“This was one of the most remarkable events in the history of modern warfare. The ceasefire began with German soldiers singing ‘Stille Nacht’ from their trenches. British soldiers responded with Christmas songs of their own. Then, for several hours on Christmas Day 1914, a large number of Allied and German soldiers set aside their weapons, and climbed out of their trenches. They ventured into the highly dangerous ‘No Man’s Land’ to share gifts of tobacco, food, liquor and more. They even played an improvised game of soccer, creating a ball by stuffing a cap with clothing. Time magazine estimated that more than 100,000 soldiers participated in the Christmas Truce. The next day, Christmas Day, the opposing sides retrieved their dead and participated in joint burials and services.”
“What an incredibly inspiring Christmas story! Humanity recognizing humanity for a time.”
“Unfortunately, high-ranking officers ordered all such truces to stop, and the killing started again. Nonetheless, the story endures because it speaks to both the generosity of the Holy Spirit in the worst of times and the hope that accompanies the annual celebration of the birth of Christ.”
After Mass and returning from confession, David says Bishop Zinkula’s homily “struck a chord with me. Daily life in prison can become pretty challenging. You can become frustrated, upset by others who are trying to hurt you emotionally. It’s interesting how (the bishop) spoke of people at conflict. … They were able to stop fighting for Christmas Eve. It puts things in perspective. It made me think. As a human being you feel picked on, bullied, or (viewed) poorly and you want to fight back and you want to react. It makes me stop and think. What can I do to try to remedy the situation?”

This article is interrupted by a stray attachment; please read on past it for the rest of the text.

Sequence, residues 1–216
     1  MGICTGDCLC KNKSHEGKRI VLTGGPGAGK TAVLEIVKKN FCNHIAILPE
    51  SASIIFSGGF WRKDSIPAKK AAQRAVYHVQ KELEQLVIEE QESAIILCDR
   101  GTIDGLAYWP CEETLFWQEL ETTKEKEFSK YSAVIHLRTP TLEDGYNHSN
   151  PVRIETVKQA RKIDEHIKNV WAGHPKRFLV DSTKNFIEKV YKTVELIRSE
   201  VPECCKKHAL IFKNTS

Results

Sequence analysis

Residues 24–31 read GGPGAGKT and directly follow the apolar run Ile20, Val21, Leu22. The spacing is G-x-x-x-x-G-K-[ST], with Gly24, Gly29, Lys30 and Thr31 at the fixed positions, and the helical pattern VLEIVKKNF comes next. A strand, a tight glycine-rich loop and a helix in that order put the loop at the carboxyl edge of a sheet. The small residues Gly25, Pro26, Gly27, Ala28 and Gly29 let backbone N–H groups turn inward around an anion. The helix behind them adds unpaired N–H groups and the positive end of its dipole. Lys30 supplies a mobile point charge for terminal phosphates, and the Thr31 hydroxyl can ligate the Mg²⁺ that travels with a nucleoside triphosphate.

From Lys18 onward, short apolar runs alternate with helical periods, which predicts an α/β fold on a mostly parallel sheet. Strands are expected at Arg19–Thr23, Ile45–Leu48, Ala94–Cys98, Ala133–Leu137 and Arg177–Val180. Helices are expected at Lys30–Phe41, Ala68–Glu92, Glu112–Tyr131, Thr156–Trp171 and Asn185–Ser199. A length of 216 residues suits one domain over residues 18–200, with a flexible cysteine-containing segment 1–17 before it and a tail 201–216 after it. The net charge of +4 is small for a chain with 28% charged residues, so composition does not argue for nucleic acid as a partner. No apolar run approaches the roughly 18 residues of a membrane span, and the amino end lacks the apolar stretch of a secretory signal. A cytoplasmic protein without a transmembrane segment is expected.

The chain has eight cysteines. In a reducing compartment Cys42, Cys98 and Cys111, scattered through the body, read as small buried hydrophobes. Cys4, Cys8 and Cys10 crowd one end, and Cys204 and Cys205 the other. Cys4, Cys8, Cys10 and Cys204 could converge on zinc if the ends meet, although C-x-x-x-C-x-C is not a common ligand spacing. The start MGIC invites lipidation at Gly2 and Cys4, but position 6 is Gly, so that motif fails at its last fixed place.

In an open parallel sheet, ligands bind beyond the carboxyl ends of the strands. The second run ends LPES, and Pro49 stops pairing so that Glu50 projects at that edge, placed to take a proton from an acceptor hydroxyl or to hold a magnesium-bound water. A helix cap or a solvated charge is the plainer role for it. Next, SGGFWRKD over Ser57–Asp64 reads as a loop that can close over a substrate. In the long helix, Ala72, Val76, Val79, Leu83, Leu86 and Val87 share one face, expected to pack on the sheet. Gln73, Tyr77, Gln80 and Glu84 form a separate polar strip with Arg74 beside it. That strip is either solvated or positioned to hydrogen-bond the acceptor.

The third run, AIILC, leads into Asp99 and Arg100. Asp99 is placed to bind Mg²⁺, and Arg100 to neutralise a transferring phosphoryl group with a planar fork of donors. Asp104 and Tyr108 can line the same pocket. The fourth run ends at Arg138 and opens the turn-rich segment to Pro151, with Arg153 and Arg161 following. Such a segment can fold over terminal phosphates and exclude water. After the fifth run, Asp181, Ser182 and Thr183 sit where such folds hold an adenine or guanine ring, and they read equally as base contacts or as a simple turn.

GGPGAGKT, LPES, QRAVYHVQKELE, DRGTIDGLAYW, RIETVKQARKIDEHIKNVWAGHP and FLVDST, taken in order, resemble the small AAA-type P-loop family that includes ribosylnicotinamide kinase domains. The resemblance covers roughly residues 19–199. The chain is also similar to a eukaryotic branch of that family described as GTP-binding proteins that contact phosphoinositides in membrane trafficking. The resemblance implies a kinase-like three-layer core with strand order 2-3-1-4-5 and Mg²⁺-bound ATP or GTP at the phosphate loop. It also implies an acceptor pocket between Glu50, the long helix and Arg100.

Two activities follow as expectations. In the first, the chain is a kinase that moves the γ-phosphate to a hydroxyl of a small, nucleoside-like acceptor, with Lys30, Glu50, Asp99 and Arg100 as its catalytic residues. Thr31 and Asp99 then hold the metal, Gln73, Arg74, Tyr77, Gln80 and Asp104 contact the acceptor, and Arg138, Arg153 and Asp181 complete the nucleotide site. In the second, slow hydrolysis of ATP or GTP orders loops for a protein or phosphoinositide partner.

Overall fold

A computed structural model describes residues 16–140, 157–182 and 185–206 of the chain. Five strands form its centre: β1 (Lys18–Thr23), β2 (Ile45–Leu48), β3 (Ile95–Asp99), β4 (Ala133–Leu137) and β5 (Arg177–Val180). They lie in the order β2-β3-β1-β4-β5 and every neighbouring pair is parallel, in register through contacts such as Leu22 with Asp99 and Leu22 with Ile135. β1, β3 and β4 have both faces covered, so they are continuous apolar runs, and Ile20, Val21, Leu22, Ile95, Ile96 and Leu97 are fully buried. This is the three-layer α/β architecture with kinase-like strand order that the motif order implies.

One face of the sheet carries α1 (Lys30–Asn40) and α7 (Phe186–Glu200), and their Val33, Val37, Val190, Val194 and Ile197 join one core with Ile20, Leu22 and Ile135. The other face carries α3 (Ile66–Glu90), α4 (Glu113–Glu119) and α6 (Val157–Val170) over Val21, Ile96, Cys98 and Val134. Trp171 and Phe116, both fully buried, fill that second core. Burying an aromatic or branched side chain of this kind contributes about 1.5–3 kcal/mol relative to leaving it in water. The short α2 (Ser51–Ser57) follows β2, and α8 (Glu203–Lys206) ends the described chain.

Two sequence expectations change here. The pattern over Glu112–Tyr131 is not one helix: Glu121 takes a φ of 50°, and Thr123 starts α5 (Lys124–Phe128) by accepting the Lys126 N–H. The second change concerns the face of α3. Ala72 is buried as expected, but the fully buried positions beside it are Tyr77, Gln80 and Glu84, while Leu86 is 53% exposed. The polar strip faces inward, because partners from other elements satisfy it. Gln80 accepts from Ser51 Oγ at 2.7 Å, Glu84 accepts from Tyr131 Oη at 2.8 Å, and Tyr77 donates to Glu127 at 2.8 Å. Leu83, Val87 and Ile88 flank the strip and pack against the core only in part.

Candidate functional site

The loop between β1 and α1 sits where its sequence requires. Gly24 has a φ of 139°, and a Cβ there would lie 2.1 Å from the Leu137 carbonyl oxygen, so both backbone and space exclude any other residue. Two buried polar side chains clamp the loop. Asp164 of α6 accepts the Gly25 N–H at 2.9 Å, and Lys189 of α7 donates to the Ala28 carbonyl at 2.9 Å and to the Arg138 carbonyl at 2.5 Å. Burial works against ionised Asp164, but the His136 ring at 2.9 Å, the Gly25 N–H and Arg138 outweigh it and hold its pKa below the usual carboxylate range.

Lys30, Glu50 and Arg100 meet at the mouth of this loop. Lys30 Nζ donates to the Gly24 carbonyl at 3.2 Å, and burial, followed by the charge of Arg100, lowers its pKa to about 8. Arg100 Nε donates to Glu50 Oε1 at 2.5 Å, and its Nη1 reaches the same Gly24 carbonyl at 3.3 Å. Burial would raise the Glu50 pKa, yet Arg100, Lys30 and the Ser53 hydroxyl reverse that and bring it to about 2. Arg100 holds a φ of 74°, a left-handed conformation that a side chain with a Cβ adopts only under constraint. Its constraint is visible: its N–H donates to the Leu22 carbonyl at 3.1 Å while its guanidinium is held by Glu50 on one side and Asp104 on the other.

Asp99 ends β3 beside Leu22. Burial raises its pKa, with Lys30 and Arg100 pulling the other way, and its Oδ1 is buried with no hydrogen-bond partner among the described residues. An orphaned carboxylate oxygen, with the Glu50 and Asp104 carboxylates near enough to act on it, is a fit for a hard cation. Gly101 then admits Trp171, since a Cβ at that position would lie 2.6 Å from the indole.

“I’m far from perfect,” David says. “I’m only human. You can’t change what happened in the past that brought you to prison but you can grow as a person, as an individual. I can’t change the past but I can change how I treat others and how I handle myself.”
Another inmate named David expresses appreciation for the bishop’s visit and the inspiration gained from his homily. “To hear about Christ’s power in a conflict, with forces fighting each other and that they could come together in Christ, even if just for a day” is inspiring. “We all need God in our life. There are too many earthly vices and temptations in our world,” David says. “God gives us everything we have. I think people forget that.”
An inmate named Tayvon has been longing to attend Mass and was grateful that Bishop Zinkula took the time to travel to Fort Madison (two hours from Davenport) to celebrate Mass with him and the other men. “His story about the ceasefire puts your faith back in humanity,” Tayvon says. He hopes to internalize the message and to pass it on. It is “something I look forward to sharing when I get back to the unit, sharing that message, especially around Christmas. We should all come together, put our differences aside and celebrate the Lord.”
Deacon Robert Gengenbacher of Holy Family Parish in Fort Madison and a volunteer at the Iowa State Penitentiary said the clergy of the Diocese of Davenport’s Keokuk Deanery conduct bi-
weekly celebrations at the prison. The priests rotate as their schedules allow, he said. A few retired priests have volunteered to assist as well.
Several other potential volunteers have made application to the Iowa Department of Corrections and are awaiting approval, Deacon Gengenbacher said. “We are always open to other Catholics willing to apply for visitation rights. The process is lengthy and background checks are necessary. I will tell you that the thought of entering a state prison is not to be taken lightly. There is always the possibility of a lock down while you are behind the gates. This did happen with one of our priests who was inside for about four hours before being allowed to exit the prison. Prison personnel always make the safety of visitors their top priority.”
He asks that the faithful pray for the men in prison. “We outsiders don’t know how hard it must be to ‘keep the faith’ behind bars.”